HOPELINE (Pre and post result helpline): Under this programme, every year, a 24 hours helpline is set up for about 30 days in the months of May and June, when the board examination results and other exams results are declared. The aim is to provide emotional support, career guidance and counselling facilities through the telephonic helpline.

These services are arranged especially for students who are anxious about their results, unhappy or ashamed because of their results or are confused about the career choices they should make. The counselling and guidance services are provided by trained counsellors of the organisation with the assistance of trained volunteer counsellors.
Since its inception in the year 1998, Hopeline has been successful in helping 52,316 students and 7127 parents through counselling and guidance. Between the years 1998-2011, about 328 suicidal cases have been counselled and helped.

“If you know a fact, share with others
Bring Chetna to them,
For only then, the message of happiness can be spread….”
Chetna is a very popular programme of Snehi that was initiated in August 1999. Under this programme, awareness workshops are arranged with different schools and colleges in Delhi with the aim of clarifying the myths and stigmas pertaining to mental disorders in our society. Group discussions on various mental health topics are held with the school and college students in order to share facts, clear misconceptions and encourage discussions on positive mental health. In addition, life-skills education is also imparted. Chetna aspires to increase the mental and psychological well-being of students and empower them with the ability to help others in need. Since 1996, about 2815 students have participated in the programme.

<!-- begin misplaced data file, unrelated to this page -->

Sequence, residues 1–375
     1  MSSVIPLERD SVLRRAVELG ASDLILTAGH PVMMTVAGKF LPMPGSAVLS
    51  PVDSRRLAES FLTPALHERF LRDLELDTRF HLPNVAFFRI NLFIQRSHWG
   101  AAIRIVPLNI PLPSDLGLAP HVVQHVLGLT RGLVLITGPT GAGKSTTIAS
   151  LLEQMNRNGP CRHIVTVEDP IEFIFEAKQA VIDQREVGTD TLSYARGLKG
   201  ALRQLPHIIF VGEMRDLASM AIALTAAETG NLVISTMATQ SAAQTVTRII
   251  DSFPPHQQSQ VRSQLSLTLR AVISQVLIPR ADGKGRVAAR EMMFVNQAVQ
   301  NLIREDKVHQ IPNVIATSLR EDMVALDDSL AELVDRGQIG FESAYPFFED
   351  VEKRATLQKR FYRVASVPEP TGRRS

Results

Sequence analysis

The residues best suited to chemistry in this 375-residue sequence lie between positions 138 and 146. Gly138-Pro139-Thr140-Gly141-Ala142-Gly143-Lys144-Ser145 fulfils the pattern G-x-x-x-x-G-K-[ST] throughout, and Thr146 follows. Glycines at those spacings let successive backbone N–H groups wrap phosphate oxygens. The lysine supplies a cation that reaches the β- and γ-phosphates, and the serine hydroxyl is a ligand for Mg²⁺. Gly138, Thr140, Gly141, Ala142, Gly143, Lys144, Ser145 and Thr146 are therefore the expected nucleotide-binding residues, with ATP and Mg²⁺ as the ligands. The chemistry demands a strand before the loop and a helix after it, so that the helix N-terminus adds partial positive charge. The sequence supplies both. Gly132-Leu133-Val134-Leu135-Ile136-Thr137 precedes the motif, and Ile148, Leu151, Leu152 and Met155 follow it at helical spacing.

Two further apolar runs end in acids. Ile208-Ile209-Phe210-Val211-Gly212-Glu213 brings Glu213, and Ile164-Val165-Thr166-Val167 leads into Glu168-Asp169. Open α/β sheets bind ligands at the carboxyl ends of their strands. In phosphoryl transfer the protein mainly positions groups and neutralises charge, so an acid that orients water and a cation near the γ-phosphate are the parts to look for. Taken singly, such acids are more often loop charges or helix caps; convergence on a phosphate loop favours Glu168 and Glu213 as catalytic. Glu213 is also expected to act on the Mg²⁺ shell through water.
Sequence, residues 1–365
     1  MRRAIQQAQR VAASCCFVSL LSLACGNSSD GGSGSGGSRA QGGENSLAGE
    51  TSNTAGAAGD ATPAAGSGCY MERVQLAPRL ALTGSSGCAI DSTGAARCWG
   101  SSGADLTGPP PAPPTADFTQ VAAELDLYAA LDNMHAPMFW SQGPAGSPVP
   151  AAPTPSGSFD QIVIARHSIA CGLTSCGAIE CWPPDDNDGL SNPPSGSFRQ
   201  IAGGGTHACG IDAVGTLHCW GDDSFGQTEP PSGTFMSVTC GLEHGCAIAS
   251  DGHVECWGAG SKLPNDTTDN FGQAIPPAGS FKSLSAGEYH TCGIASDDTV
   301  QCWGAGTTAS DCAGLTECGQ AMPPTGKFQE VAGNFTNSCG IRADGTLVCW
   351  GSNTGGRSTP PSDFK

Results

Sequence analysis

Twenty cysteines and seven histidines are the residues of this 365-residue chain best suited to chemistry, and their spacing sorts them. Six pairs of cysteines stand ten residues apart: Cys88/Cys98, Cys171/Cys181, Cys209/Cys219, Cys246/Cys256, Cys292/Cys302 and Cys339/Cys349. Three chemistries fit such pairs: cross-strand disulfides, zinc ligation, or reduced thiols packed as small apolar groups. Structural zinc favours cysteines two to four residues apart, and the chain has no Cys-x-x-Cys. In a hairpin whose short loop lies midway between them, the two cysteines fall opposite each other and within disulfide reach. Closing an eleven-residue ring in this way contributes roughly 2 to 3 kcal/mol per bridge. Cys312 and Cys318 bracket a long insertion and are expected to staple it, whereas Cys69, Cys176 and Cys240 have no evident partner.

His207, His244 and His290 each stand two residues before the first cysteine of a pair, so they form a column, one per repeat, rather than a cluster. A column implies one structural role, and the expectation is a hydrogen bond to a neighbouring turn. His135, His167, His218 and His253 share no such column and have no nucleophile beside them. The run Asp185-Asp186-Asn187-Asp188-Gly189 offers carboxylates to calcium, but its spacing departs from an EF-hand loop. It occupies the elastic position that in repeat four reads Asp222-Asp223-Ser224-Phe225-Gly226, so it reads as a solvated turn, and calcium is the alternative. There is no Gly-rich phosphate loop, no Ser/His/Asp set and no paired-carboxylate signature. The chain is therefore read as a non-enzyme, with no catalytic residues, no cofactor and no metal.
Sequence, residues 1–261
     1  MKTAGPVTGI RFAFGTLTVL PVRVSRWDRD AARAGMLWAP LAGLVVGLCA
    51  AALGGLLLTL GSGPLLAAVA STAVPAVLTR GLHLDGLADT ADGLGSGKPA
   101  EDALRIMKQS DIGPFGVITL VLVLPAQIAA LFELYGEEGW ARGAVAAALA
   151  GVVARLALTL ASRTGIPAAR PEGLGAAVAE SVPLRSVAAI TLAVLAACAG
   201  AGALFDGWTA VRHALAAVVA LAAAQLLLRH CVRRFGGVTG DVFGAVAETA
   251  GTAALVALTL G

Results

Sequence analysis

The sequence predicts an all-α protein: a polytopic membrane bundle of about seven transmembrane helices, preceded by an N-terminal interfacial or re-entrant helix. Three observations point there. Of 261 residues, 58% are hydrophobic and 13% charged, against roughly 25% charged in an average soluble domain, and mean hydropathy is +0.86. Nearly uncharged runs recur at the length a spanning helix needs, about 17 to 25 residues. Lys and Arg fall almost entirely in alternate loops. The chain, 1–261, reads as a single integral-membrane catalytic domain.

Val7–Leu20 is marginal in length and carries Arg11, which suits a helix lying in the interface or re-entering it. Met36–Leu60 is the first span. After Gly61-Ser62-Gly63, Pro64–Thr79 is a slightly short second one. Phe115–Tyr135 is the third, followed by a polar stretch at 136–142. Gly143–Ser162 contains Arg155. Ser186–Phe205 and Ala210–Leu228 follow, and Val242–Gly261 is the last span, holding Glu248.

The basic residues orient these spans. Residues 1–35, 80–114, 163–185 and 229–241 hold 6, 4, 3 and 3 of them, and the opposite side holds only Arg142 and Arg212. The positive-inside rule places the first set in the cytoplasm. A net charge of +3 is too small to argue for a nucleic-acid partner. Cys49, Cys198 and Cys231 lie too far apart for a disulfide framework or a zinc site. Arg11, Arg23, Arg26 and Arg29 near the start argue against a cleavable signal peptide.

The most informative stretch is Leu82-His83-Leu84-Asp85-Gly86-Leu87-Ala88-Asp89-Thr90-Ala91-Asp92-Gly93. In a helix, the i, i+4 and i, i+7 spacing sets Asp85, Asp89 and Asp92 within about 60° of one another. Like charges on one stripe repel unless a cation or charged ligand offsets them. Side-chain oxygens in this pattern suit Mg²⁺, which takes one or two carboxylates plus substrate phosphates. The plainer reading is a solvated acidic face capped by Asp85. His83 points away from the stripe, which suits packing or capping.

Fr. Agnel Bal Bhawan is a residential foster care home running under the aegis of Father Agnel Society. It is situated at Greater Noida, New Delhi, India. It currently looks after about 221 destitute children and orphans from across the country who have witnessed social or political trauma. This home was created to take care of the basic needs of food, shelter, education and dignity of these children.
The Home has children and adolescents from 4 to 18 years of age. Bal Bhawan has two separate buildings, one housing the children till class IV or V (n=102) in 8 homes and the other housing the adolescent age group (n= 99).
Since younger children require more time and attention, a provision has been made to house them in different homes, with one caretaker being responsible for children of each home. In this manner, about 12-13 children are housed in each home. However, the children of all the eight houses play and eat their meals together in the dinning hall. There is one hour of playtime everyday.
The caretakers of the children there are called ‘Mothers’. They are responsible for the children’s complete well-being and development. The mothers report to the administrator of the home. Mothers are assisted by administrative staff and professional Social Workers.